Maybe the voters will make a distinction between the public Kwame and the private Kwame. That’s what he hopes and expects. If not, he might want to consider a new name for his boat -- "Bullet Proof," with its connotation of invincibility, may no longer be apt.

• More red ink.

The city’s grand effort to help make a go of the United Medical Center in Southeast has gone belly up. The District government has seized the hospital’s assets and intends to run it as a nonprofit until a new buyer can be found.

The District has sunk more than $100 million into keeping the hospital open for the past three years.

Mayor Adrian Fenty, the council and chief financial officer Natwar Gandhi all agree that it’s important to keep open the only hospital east of the Anacostia River. Far too many families and individuals depend on the hospital for the city to close it like D.C. General.

But Gandhi has warned that the city, in the midst of its own budget issues, will have to be prepared to pay many millions of dollars in operational costs.

• Nats night for Tony.

 We were watching the game between the Nats and the Giants on TV Saturday night. There behind home plate in one of the cushioned seats were former Mayor Tony Williams and his wife, Diane. The former mayor was wearing a red Nats hat. He even did the wave when it swept through his section, although he did look a bit sheepish as he sat down.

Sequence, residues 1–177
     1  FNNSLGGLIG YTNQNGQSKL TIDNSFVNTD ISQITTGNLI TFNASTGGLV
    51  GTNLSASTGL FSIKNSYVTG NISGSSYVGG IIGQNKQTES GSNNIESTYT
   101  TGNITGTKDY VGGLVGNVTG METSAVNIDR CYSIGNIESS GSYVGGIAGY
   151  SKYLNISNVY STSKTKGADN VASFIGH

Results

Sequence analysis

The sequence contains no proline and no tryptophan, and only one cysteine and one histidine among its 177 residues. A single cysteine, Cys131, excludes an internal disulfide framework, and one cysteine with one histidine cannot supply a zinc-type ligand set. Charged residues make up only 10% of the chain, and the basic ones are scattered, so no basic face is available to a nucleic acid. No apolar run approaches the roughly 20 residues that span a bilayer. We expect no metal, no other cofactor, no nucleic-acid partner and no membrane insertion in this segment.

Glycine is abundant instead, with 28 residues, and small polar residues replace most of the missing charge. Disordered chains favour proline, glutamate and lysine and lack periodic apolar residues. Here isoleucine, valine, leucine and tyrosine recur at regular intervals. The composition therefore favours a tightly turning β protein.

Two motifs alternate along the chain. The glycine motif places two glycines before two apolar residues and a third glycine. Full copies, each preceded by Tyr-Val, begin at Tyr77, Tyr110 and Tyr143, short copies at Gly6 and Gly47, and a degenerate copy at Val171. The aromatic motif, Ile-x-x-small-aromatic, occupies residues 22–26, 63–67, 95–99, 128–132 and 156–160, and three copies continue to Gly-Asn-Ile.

It was good to see him enjoying the stadium that wouldn’t exist without his strong backing.

• John Hill “Player.”

We always knew the former executive director of the D.C. financial control board was a “player.” And he still is, as head of the Federal City Council.

But now the Urban Libraries Council has given him the “Urban Player Award” for his work as head of the D.C. Public Library board of trustees. It honors “individuals who have provided substantive community leadership and have created a stronger presence for public libraries.”